Saturated Fats in Diet May Trigger Inflammatory Bowel Disease
Inflammatory bowel disease (IBD) was once considered a rare immune system disorder, but now it has become more common in the US and other Western nations. Although many people may be genetically predisposed to the disorder, not all people affected will manifest symptoms. However, doctors are now seeing more cases, and this may be explained by factors affecting its manifestation, specifically the diet.
IBD is a group of inflammatory conditions of the colon and small intestine characterized by abdominal pain, severe internal cramps, vomiting, diarrhea, rectal bleeding, muscle spasms in the pelvis, and weight loss. The major types of IBD are Crohn’s disease and ulcerative colitis.
The University of Chicago researchers investigated how environmental factors can trigger manifestation of the disorder in mice possessing characteristics of human inflammatory bowel disease. When the mice were fed with concentrated milk fats containing saturated fats, the composition of the microbes in their intestines was changed. This can affect the balance between the immune function and the environment in the intestines. According to their study, harmful bacteria in the intestines can trigger an uncontrollable immune-system response that can be damaging difficult to regulate.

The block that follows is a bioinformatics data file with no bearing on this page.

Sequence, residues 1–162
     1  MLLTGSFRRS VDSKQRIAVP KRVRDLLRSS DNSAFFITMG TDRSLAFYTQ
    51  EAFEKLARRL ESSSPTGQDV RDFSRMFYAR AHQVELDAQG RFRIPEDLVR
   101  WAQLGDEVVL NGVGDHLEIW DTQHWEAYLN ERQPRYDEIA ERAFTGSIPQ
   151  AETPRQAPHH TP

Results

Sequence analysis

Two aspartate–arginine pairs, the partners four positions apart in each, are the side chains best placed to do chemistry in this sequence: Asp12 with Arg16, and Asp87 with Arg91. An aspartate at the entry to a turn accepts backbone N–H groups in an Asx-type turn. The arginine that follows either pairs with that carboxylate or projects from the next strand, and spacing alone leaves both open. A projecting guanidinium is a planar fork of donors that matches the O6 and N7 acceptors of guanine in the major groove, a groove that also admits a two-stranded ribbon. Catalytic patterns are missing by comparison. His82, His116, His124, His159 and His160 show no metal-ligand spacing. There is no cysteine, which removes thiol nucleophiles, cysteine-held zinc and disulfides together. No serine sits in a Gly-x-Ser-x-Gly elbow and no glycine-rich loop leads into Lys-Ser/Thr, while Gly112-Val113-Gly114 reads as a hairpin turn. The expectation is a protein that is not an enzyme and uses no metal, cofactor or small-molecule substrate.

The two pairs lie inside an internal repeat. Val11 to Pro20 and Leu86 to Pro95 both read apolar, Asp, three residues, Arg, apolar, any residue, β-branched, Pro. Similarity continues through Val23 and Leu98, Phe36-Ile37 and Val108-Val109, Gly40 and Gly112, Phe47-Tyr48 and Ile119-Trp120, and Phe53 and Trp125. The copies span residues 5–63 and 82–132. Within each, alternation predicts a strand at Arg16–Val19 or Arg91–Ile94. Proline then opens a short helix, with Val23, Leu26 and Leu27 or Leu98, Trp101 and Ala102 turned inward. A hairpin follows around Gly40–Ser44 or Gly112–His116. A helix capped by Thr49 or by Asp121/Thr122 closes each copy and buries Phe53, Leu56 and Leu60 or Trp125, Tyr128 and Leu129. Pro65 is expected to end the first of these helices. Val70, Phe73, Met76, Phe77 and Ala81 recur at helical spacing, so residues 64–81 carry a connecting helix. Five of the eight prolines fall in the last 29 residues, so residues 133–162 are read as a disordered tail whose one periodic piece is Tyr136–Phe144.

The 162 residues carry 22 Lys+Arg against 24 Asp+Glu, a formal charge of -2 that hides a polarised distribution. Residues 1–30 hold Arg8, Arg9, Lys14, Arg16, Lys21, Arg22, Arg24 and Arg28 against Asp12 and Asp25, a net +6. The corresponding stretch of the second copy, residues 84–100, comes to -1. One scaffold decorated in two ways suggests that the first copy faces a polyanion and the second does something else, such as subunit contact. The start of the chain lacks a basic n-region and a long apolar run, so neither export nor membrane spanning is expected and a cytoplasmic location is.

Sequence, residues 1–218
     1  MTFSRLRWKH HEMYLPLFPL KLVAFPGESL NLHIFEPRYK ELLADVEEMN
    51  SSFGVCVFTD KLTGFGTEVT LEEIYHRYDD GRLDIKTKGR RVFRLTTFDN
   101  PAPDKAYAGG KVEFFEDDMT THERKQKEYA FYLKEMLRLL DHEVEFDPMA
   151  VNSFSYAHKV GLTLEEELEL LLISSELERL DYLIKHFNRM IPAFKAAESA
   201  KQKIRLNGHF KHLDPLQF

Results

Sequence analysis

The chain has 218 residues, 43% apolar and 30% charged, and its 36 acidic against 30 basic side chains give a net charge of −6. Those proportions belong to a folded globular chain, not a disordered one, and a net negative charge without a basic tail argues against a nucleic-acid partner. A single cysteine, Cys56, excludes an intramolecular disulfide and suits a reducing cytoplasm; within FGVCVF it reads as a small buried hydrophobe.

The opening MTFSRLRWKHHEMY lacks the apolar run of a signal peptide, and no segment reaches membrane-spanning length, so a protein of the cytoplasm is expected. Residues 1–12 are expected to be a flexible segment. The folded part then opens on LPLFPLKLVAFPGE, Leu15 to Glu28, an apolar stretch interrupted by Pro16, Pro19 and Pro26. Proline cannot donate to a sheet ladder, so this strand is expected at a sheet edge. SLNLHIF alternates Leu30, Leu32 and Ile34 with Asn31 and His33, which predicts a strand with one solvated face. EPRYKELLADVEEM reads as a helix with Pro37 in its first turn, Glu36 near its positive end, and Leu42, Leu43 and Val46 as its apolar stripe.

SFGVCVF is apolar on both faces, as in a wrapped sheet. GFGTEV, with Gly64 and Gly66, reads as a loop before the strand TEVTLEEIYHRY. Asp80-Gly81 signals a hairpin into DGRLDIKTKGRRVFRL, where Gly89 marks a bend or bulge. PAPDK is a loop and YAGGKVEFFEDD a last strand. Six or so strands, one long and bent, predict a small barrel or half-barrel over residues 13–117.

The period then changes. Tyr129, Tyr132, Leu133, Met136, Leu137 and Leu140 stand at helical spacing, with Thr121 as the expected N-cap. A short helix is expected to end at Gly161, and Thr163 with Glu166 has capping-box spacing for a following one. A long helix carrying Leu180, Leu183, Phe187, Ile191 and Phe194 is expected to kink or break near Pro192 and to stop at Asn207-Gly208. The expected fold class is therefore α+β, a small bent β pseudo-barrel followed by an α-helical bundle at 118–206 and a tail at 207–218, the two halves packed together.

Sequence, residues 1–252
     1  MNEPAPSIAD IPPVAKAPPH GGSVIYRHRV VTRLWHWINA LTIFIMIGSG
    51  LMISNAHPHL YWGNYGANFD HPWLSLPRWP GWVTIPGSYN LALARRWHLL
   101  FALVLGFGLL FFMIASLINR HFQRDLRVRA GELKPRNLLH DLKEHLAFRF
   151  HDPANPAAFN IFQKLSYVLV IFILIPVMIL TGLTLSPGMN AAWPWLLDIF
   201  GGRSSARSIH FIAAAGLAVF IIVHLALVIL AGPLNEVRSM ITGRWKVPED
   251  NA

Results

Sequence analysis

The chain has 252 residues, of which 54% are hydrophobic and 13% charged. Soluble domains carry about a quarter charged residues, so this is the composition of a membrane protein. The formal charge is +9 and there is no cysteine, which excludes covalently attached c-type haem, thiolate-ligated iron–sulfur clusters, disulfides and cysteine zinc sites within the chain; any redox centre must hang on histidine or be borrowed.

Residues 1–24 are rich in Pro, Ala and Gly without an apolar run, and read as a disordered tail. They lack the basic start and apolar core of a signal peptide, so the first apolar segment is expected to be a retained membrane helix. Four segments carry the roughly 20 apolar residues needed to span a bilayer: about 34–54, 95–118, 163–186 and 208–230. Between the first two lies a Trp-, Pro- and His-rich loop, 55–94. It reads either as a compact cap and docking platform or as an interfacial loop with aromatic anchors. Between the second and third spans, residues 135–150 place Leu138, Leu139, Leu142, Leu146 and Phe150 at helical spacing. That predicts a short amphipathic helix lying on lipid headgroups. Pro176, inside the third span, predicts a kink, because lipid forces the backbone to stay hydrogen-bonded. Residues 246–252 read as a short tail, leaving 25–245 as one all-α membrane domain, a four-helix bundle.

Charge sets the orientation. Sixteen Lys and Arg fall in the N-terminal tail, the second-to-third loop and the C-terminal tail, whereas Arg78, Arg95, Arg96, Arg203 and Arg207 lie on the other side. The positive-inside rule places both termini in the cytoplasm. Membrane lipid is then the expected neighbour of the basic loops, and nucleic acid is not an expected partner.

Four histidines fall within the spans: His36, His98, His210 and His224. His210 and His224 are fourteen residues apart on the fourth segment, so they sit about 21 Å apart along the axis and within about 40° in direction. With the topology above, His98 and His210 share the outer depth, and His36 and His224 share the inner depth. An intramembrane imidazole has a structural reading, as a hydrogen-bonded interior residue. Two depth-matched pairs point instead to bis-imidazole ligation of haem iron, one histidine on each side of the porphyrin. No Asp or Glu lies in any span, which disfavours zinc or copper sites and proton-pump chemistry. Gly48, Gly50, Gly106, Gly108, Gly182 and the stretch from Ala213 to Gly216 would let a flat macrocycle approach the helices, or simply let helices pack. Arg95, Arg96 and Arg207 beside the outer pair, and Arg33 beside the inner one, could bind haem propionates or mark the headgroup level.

On the other hand, feeding the laboratory mice with polyunsaturated fats did not trigger the same response. Unlike concentrated milk fats, polyunsaturated fats from plant sources did not affect the bacterial composition in the intestines.
Concentrated milk fats are very much part of a Western diet, where they are used widely in processed foods and confectionary products. This can explain why genetically predisposed people are at greater risk of developing the manifestations of the condition and why it is increasingly seen in the population.
Preidt, R. Mouse Study Suggests Certain Fats Could Trigger Crohn’s, Colitis. MSN.